Research suggests that a financial incentive approach to increasing patient uptake of diabetic eye screening (DES) could actually discourage attendance.
The study, funded by the National Institute for Health Research, investigated whether offering patients a financial incentive to attend DES would increase uptake rates among patients that had been identified as poor attenders. The findings suggest that not only are financial incentives not an effective approach to increasing DES uptake, they may even reduce the number of people attending.
Diabetic retinopathy is one of the leading causes of blindness in the working-age population in England, with 1,600 new cases being diagnosed each year. In the UK, more than 3.5 million people have been diagnosed with diabetes, and of these, a recent estimate suggests that just over two in 100 are living with some form of diabetic retinopathy.
As early diagnosis and treatment can significantly reduce the risk of blindness, the UK national diabetic eye screening program offers an annual screening for anybody with diabetes over the age of 12.
Currently, the rate of screening uptake is 81 per cent, and previous research has indicated that rates are lower in more socio-economically deprived areas. As early detection can help to prevent avoidable sight loss, there is a need for an effective and affordable scheme to encourage people to go to screenings.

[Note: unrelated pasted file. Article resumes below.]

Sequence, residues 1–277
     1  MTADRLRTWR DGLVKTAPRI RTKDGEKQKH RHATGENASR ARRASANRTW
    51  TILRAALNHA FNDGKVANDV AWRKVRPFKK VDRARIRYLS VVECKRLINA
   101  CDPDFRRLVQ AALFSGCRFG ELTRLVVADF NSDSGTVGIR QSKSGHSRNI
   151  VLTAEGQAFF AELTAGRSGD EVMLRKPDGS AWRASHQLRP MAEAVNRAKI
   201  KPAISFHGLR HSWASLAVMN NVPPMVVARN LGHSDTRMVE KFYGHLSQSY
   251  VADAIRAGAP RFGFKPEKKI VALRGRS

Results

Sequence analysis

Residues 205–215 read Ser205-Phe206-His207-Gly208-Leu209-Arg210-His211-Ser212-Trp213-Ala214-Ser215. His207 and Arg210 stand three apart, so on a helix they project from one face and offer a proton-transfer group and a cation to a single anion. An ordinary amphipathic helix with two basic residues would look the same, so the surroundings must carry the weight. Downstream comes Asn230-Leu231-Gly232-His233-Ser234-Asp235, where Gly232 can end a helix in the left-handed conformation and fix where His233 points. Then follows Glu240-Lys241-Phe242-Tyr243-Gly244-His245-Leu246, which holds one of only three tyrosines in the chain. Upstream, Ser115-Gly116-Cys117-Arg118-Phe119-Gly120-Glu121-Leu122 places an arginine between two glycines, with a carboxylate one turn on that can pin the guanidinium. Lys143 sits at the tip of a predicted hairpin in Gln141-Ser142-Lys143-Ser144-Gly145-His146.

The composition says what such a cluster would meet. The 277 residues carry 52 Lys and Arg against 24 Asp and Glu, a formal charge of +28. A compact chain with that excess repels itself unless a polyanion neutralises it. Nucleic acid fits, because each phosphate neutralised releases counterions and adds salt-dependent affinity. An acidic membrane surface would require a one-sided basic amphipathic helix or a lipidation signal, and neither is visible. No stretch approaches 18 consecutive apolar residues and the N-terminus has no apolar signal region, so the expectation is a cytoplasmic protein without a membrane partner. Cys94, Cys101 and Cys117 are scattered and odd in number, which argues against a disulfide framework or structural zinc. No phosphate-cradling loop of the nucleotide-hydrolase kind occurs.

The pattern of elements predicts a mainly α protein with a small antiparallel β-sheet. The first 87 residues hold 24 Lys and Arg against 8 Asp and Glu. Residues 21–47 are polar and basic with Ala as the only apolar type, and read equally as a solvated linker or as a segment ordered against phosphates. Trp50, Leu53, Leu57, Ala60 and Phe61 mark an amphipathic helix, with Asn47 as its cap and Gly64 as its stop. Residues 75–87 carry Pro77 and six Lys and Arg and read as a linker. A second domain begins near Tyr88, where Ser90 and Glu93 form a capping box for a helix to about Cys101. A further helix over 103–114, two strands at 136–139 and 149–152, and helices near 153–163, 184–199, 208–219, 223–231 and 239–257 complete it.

An increasingly popular approach to encouraging healthy behaviours, such as quitting smoking or getting vaccinated, is through the offer of a financial incentive.
Current evidence reviewed in the report suggests that offering a financial incentive is more successful when promoting infrequent behaviours. Example include getting vaccinated, or in this case, going for an annual DES. This is in contrast to more sustained behaviours such as smoking. As such, incentives could be expected to be an effective strategy to promote screening uptake.
The study was based at the diabetic retinopathy screening clinic in St Mary’s Hospital, London. Researchers set out to test whether offering patients a financial incentive to attend a DES would increase uptake rates.
A group of just over 1,000 patients from Kensington, Chelsea and Westminster, that had been identified as poor attenders, were randomly split into three groups:
While just under eight per cent of participants from the control group attended the screening, there was even less uptake from the groups who were offered a financial incentive (just over five percent from the fixed group and three per cent from the lottery group).
Offering an explanation for the “unexpected” observed negative effect, the report suggests that being offered an incentive for a health check may make people think the appointment must be unpleasant.
The review notes that while previous studies on screening and incentives have often been found to be effective, this is not always the case. With regards to diabetic screening, the report points to a previous study in the USA (paywall), which had a similar outcome of a lower screening uptake supporting the recent findings.
Emma Edwards, Data Analyst at RNIB said: “This report adds to the evidence base that supports the need for a more patient centred approach to intervention, and for further research into the barriers that exist and how they can be overcome.”
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